Gordon Campbell | Parliament TV | Parliament Today | Video | Questions Of the Day | Search

 


New conservation board for East Coast

Hon Dr Nick Smith
Minister of Conservation

21 March 2014

New conservation board for East Coast

The establishment of a new conservation board for the East Coast covering Gisborne and Hawkes Bay has been agreed to by the Government following a review last year of the network of boards across New Zealand, Conservation Minister Dr Nick Smith announced today.

“I have decided to establish a new board covering Gisborne and Hawkes Bay, taking into account the significant conservation issues in this area and the communities of interest. I have concluded that Gisborne has more in common with Hawkes Bay than with the Bay of Plenty, and Hastings with Gisborne rather than Wellington. The new board will give a more effective voice to conservation issues in these important areas,” Dr Smith says.

Currently, there are 13 conservation boards in New Zealand with a board covering the Bay of Plenty and Gisborne, and another covering Wellington and Hawkes Bay. The Minister initiated a review of the boards last year, and deferred new appointments to the boards until the review had been completed. The decision to reconfigure the boards in the east and in the south of the North Island means there will be one new board – bringing the total to 14.

“I have received strong submissions from East Coast MP Anne Tolley, Napier MP Chris Tremain and Tukitiki MP Craig Foss for this change. They have advised me that a separate board for the East Coast will result in more effective input by their communities into conservation decisions in the region.”

Conservation boards play an important role in providing for interaction between a community and the Department of Conservation. They are independent bodies with a defined geographical area, and are responsible for representing the public interest in DOC’s work in managing almost one third of New Zealand’s land area – including national parks, reserves, forest parks and other protected areas – as well as in conservation in general. The majority of board members are appointed through a public nomination process, with a diversity of experience and backgrounds sought in the process.

Dr Smith says he will be finalising appointments to the boards in April, with the boards – including the newest for the East Coast – expected to be in place by May.

ENDS

© Scoop Media

 
 
 
 
 
Parliament Headlines | Politics Headlines | Regional Headlines

 

17 Year Sentences In Baby Moko Case: Attorney General On Plea Bargain

“The Crown’s decisions in this case, including the decision to accept the manslaughter pleas, were motivated by the need to secure convictions for this horrendous killing and to avoid the significant risk that either of the defendants could escape such a conviction because of evidential issues.” More>>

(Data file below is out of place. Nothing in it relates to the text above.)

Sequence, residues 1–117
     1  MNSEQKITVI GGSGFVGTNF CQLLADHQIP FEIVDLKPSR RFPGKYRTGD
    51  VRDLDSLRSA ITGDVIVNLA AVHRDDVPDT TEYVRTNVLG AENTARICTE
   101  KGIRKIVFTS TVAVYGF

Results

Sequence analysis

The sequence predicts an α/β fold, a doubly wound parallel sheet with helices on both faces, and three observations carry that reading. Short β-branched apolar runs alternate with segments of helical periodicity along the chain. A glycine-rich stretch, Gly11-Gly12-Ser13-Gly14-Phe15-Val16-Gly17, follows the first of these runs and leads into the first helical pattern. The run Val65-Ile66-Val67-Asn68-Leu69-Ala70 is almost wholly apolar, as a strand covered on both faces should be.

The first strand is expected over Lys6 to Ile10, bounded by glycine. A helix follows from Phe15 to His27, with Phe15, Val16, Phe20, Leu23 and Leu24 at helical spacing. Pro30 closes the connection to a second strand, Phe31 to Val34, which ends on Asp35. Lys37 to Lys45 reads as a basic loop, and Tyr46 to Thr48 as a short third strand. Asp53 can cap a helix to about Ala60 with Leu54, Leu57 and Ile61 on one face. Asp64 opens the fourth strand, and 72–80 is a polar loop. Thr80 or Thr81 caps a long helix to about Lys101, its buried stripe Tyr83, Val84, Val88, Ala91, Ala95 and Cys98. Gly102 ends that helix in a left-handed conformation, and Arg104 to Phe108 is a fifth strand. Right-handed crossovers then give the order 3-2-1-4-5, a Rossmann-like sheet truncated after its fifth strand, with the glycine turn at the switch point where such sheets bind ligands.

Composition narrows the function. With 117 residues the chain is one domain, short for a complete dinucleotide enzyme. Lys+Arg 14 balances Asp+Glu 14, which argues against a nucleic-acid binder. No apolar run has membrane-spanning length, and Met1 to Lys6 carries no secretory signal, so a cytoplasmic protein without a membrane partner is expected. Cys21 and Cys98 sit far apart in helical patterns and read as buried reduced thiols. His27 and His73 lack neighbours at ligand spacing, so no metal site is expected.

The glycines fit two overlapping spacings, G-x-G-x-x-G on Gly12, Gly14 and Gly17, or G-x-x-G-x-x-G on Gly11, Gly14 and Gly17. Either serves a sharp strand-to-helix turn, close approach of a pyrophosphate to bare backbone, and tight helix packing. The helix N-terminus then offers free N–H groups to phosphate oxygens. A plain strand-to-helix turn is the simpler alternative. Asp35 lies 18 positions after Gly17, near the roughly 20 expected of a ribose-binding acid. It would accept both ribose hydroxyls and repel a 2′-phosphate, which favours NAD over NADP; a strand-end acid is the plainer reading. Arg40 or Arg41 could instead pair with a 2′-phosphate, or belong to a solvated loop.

ALSO:

As Govt Cuts Lobby Anti-Smoking Group Funds: On The Nation - Plain Packaging Debate

Imperial Tobacco leaves open possibility of law suit against New Zealand government if plain packaging is introduced, as planned. Says it’s a “last resort” but “of course we will defend the right to use our brands”. More>>

ALSO:

No Rail For New Harbour Crossing: National Giving Up On Rail In Auckland

The National Government’s decision to scrap two planned rail lines in Auckland shows it is giving up on a city-wide rail network in Auckland, and on thousands of commuters who sit in traffic jams every single day, the Green Party said today. More>>

ALSO:

Gordon Campbell: On The Ombudsman’s Verdict On Paula Rebstock And Ian Rennie

Unfortunately, the brave and damning report by Ombudsman Ron Paterson on the “flawed” and “unfair” inquiry conducted by Dame Paula Rebstock into events at MFAT pulls back the veil on a far wider issue. More>>

ALSO:

Charities' Report: Stressed Families - Overstretched Services

“Like so many of the whānau and families they serve social service organisations are under huge financial stress. The support demanded from desperate people in communities is far outreaching the resources available.” More>>

ALSO:

Detention: Wellingtonians Protest Treatment Of Refugees

Peace Action Wellington (PAW) and around 50 Wellingtonians blockaded the Australian High Commission, creating a symbolic detention centre to protest the Australian Government's policy of mandatory offshore detention for refugees and asylum seekers. More>>

ALSO:

Diver's Alarums: Breach Means Training Provider Must Repay $1.47 Million

The New Zealand School of Outdoor Studies is to repay $1.47 million (GST-exclusive) to the Tertiary Education Commission (TEC) following an investigation which showed that some student enrolments between 2009 -2014 could not be validated and that courses were under-delivered against their agreement with the TEC. More>>

ALSO:

Education: Government Plans Suggest Bulk Funding Return

Plans by the Government to return to bulk funding are likely to see increased class sizes and schools most in need missing out on much-needed resources, Labour’s Acting Education spokesperson Grant Robertson says. More>>

ALSO:

Get More From Scoop

 

LATEST HEADLINES

 
 
 
 
 
 
 
 
 
Parliament
Search Scoop  
 
 
Powered by Vodafone
NZ independent news